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Bolick v. Gallagher

Supreme Court of Wisconsin
Mar 2, 1954
63 N.W.2d 93 (Wis. 1954)


February 3, 1954 —

March 2, 1954.

APPEAL from an order of the circuit court for Dane county: ALVIN C. REIS, Circuit Judge. Dismissed.

For the appellants there were briefs by Toebaas, Hart, Kraege Jackman of Madison, and oral argument by W. L. Jackman.

For the respondent there was a brief by Arthur, Dewa, Nestingen Tomlinson of Madison, and oral argument by Ivan A. Nestingen and Robert W. Arthur.

Action begun by Robert Bolick individually and as special administrator of the estate of Mathilda M. Bolick, deceased, against John T. F. Gallagher, Robert A. Straughn, and A. S. Jackson, and J. A. Jackson, d/b/a Jackson Clinic. Plaintiff seeks to recover for himself damages for the wrongful death of his wife, and for her estate damages for pain and suffering from which she would not have suffered except for the negligence of said defendants, and for expenses incurred.

The plaintiff has moved to strike that part of the answer contained in paragraph 6 of defendants' answer, which is as follows:

"6. Further answering defendants allege that they are informed and verily believe that on or about December 20, 1951, plaintiffs commenced actions in said court against Homer Pfanku and Cheesemakers Mutual Casualty Company, alleging that Homer Pfanku and Cheesemakers Mutual Casualty Company were liable to plaintiffs for injuries to and death of Mathilda M. Bolick and for damages and losses to plaintiff arising therefrom because such injury, death, losses, and damages were caused by the negligence of Homer Pfanku and that Cheesemakers Mutual Casualty Company was liable to plaintiffs because it insured Homer Pfanku against loss by reason of liability imposed by law. That a fully complete compromise and settlement of the issues in said actions was effected by the payment to plaintiffs by Homer Pfanku and Cheesemakers Mutual Casualty Company of $7,600. That plaintiffs in said actions made claim for the same injuries and death of Mathilda M. Bolick as they seek damages for the above-entitled action against these defendants and the injuries described in said actions as having been the result of an automobile accident are the same injuries it is alleged defendants Gallagher and Straughn treated her for."

There was a motion by the defendants to require plaintiff to answer upon adverse examination the following questions:

" Q. Now you started two lawsuits against Mr. Pfanku, the man that ran into you, did you not? A. Yes.

" Q. And you made a settlement with him, did you not? A. Yes. . . .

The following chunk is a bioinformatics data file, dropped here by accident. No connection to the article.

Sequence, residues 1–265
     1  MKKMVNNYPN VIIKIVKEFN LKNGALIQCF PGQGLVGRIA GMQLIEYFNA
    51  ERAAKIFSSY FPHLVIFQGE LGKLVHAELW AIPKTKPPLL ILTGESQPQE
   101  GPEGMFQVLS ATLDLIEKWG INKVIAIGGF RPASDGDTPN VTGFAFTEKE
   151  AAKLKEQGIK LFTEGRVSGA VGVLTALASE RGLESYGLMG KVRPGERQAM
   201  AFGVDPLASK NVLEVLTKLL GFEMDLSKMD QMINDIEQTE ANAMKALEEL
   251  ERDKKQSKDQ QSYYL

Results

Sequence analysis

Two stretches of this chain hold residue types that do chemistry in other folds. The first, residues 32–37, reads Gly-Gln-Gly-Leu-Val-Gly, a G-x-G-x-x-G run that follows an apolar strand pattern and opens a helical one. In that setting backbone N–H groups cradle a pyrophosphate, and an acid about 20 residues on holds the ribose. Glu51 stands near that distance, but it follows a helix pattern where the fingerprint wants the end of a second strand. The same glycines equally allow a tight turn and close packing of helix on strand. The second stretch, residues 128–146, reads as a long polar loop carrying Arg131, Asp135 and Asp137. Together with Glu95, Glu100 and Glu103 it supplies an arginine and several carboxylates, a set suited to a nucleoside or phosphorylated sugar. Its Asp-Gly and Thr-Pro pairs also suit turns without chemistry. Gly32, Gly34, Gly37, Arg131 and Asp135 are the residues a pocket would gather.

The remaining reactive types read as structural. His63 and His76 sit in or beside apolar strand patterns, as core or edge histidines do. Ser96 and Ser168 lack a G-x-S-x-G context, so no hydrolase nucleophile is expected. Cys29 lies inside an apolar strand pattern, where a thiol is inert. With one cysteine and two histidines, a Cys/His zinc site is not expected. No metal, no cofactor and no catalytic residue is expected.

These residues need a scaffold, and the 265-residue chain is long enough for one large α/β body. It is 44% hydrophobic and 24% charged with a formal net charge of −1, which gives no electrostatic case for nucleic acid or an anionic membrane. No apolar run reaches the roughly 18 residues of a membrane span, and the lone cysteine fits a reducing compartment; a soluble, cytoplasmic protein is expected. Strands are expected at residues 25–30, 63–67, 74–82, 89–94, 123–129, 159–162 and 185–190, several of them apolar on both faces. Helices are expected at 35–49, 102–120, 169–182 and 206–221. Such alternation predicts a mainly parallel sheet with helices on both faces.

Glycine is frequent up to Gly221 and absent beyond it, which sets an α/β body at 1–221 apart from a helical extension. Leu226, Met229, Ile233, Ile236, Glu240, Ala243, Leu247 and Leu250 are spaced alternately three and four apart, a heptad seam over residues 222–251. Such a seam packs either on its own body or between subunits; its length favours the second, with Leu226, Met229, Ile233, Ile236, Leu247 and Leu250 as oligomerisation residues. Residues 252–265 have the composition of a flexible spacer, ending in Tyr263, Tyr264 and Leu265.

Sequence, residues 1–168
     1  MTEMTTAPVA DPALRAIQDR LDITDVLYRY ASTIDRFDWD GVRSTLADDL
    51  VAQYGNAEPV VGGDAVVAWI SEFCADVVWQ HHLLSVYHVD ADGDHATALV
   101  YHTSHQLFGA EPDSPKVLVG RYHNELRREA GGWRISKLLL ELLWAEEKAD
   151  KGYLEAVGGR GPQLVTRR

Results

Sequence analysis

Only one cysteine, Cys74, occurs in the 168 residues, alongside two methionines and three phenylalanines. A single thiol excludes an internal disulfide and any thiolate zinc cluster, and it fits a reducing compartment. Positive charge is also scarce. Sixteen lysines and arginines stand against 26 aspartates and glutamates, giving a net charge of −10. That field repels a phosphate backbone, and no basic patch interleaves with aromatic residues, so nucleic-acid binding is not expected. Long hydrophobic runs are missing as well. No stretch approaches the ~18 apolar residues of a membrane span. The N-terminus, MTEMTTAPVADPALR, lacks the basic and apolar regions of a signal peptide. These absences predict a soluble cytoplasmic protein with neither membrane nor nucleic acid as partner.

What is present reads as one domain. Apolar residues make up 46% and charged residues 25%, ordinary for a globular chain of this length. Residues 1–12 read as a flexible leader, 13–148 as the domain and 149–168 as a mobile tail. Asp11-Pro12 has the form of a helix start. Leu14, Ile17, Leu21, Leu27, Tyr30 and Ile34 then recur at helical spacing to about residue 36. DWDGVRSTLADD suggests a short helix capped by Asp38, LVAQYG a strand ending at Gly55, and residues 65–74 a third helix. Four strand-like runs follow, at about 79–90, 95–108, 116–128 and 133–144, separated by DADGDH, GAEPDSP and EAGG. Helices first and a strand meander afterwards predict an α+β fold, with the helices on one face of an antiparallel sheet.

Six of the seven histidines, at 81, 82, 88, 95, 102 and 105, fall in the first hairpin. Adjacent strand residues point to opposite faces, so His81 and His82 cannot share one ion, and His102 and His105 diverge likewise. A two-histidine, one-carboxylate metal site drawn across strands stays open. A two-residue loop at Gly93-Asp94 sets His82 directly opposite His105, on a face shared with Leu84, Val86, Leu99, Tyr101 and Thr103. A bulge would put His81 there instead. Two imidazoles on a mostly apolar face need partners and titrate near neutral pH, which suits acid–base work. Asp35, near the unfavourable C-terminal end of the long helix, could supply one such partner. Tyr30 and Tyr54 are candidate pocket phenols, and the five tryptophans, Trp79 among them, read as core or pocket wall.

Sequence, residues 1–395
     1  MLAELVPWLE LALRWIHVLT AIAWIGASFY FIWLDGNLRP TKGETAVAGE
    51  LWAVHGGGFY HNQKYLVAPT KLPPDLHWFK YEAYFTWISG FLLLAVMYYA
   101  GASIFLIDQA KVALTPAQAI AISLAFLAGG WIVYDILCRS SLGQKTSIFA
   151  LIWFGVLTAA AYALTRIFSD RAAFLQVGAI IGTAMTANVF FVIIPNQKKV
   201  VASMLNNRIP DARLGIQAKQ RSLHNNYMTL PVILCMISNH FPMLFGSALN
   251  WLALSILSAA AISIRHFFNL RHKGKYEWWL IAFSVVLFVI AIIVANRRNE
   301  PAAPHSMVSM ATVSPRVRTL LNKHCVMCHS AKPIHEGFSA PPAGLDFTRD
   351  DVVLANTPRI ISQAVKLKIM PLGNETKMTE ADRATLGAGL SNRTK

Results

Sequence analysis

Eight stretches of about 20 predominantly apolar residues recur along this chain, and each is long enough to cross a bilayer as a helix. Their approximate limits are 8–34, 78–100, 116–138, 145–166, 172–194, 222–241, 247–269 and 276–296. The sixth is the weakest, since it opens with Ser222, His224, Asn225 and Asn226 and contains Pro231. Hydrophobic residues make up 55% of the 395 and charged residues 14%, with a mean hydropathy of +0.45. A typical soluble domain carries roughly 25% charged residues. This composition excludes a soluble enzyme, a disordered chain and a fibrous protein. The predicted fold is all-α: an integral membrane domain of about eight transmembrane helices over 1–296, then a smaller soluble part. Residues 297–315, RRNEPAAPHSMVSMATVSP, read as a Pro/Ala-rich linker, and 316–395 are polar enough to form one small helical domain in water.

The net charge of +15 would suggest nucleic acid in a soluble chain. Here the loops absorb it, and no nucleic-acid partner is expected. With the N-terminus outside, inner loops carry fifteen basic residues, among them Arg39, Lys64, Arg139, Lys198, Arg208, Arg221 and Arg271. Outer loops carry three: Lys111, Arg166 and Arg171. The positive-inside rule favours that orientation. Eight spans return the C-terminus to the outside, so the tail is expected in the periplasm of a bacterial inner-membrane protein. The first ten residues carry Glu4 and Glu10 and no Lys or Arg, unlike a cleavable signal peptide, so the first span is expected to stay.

" Q. Is it not a fact that Mr. Pfanku and his insurance company, the Cheesemakers Mutual Casualty Company, paid you $7,500 in settlement of your claim against Mr. Pfanku and the Cheesemakers Mutual?"

There is in the record a partial release constituting a covenant not to sue those already admittedly involved in the collision, and reserving the cause of action here sued upon. Plaintiff's motion to strike was granted, and defendants' motion to require plaintiff to answer certain questions upon adverse examination was denied. Defendants appeal.

When allegations are made a part of an answer which is pleaded in its entirety as an answer to a complaint, a motion to strike does not have the essentials of a demurrer, and an order made thereon is not an appealable order. Paraffine Companies v. Kipp, 219 Wis. 419, 263 N.W. 84. There are cases where an order made on a motion to strike out a portion of an answer when pleaded as a separate defense has been reviewed upon appeal on the ground that there was in effect a ruling on a demurrer. Williams v. Journal Co. 211 Wis. 362, 247 N.W. 435. The ruling on the challenge here of the relevancy of recitals in the pleadings necessarily resulted in an order from which this court has no jurisdiction to entertain an appeal. Wiesmann v. Shanley, 124 Wis. 431, 102 N.W. 932; Gooding v. Doyle, 134 Wis. 623, 115 N.W. 114; State v. Lewis, 164 Wis. 363, 159 N.W. 746. Instead of giving the power to search the record as a demurrer does, as it may relate to the complaint ( State v. Milwaukee, 145 Wis. 131, 129 N.W. 1101; Stephens v. Wheeler, 193 Wis. 164, 213 N.W. 464; Bingham v. Board of Supervisors, 127 Wis. 344, 106 N.W. 1071), the motion to strike seeks only a ruling on the relevancy of the matter called to the attention of the court.

A case illustrative of the proper procedure with reference to motions to strike is found in Gilbert v. Hoard, 201 Wis. 572, 573, 230 N.W. 720. There the plaintiff moved to strike certain allegations from the defendant's answer. The court granted the motion. On appeal, Mr. Justice FOWLER said: "An order granting a motion to strike out a portion of an answer pleaded as a separate defense may be reviewed on appeal on the ground that it is in effect an order sustaining a demurrer. Wisconsin F. F. B. Co. v. Southern S. Co. 188 Wis. 383, 206 N.W. 204. But this does not warrant reviewing an appeal from an order striking out a portion of an answer not so pleaded, as a demurrer does not lie to a portion not so pleaded."

This is an action to recover damages for pain and suffering due to malpractice, and the issues necessarily arise out of the cause of action alleged and the answer of the defendants. The action is brought to recover damages for the negligent acts of the defendants in the treatment of one who had been the victim of an automobile collision. The complaint is for acts following and, as far as the complaint is concerned, independent of the preceding injuries. The claim brought forth by the plaintiff arises out of the relation of physician and patient, and the plaintiff has definitely confined the grounds of his complaint to matters arising in the hospital while his wife was in the charge of the defendants. Plaintiff insists that the order granting its motion to strike is not one from which an appeal can be brought.